The economic fallout from Covid-19 health restrictions was most severe when the pandemic first hit but weakened during successive waves, according to new research from Statistics Canada.
“During the first wave, the correlations between changes in economic restrictions and changes in economic activity were stronger,” a report from the national statistical agency said.
StatsCan found the average correlation between changes in restrictions and changes in retail sales during the first wave was -0.78, compared with -0.31 during the second and third waves.
The correlations between changes in restrictions and changes in employment and in the number of active businesses weakened over time, too.
“The change in the response of the economy to restrictions likely arises from the greater uncertainty around Covid-19 when it first emerged, from adaptations that businesses and households undertook to enable greater operation in the face of restrictions, and from adaptations in how restrictions were implemented and enforced,” StatsCan said.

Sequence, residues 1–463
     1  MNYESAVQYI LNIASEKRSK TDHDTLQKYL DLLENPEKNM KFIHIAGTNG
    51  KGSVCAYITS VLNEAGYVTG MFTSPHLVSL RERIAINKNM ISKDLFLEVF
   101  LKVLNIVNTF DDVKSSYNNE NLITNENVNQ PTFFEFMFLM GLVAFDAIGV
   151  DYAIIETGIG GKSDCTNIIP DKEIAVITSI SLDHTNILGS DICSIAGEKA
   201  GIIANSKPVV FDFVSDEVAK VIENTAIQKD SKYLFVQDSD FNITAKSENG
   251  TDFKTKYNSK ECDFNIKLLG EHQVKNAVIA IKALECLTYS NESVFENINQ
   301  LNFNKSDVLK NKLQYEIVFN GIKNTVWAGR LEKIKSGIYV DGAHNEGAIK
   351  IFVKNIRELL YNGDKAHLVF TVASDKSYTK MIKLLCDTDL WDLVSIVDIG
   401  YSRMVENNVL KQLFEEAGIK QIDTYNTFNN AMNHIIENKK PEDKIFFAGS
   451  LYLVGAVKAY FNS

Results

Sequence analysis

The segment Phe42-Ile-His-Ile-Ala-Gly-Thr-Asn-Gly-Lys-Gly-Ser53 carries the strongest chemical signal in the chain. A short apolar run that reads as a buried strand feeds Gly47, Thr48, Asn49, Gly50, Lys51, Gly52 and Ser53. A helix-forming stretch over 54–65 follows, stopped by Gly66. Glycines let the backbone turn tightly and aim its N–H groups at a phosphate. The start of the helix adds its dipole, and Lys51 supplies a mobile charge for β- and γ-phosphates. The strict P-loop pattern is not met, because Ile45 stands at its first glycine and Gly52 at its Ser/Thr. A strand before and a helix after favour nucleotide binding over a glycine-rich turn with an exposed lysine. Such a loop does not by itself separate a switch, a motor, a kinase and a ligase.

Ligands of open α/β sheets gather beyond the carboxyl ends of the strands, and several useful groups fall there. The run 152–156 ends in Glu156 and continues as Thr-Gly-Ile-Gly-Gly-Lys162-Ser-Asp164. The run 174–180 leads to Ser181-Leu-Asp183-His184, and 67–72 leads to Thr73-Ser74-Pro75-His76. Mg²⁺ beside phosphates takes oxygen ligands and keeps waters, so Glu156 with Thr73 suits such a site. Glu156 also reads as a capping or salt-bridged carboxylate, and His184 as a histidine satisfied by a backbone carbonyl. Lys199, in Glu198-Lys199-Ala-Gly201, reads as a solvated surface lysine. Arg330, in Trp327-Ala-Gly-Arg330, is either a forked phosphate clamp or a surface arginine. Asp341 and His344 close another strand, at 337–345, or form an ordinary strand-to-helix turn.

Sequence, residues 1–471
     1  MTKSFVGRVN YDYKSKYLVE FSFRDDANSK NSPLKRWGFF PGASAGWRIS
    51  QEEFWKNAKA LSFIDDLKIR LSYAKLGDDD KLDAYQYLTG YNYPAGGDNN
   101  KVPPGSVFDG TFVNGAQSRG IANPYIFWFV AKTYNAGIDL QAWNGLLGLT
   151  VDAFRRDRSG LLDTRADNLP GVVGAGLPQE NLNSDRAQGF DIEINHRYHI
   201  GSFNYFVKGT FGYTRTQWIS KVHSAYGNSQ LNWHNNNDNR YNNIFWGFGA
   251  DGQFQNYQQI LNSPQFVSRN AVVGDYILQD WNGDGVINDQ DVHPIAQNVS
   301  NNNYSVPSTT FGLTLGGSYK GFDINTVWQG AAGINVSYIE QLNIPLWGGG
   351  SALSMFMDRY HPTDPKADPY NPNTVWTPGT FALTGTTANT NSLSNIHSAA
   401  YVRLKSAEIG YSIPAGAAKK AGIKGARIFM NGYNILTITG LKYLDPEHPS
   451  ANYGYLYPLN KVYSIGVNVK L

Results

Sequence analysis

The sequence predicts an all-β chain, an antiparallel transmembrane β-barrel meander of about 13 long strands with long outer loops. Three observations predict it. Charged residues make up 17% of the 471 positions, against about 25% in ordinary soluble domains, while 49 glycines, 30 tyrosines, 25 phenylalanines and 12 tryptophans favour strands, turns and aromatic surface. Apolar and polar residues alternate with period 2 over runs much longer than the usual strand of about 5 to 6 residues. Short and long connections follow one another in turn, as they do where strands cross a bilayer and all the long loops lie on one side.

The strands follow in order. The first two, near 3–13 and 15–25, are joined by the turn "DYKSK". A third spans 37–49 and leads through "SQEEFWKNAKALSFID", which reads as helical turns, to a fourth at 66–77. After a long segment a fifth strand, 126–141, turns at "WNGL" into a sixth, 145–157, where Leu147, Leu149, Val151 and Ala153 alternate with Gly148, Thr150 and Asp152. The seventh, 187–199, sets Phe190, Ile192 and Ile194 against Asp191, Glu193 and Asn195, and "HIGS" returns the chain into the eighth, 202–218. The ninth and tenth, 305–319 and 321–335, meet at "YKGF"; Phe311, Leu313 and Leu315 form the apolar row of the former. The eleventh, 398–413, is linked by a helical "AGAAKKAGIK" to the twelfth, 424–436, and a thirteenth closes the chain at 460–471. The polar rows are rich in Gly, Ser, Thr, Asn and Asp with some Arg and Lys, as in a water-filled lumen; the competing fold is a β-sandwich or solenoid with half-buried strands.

Additionally, the research found strong threshold effects in later waves. At low levels, restrictions slowed growth, but beyond a certain threshold, tougher restrictions were associated with declining economic activity.
In particular, it found that once restrictions went beyond an inconvenience (such as wearing a mask, or capacity limits) to a genuine burden (such as school closures and non-essential business shutdowns) this marked a level where increased restrictions “can lead to more noticeable changes in activity.”
For instance, the study found that below a given threshold, increasing the severity of restrictions by 10 percentage points saw retail sales growth slow by 0.4 percentage points, but above the threshold, a 10-point increase in restrictions had a 1.0% impact on retail sales.
Similarly, the impact on employment growth was 0.2 points below the threshold and 0.6 points above the threshold.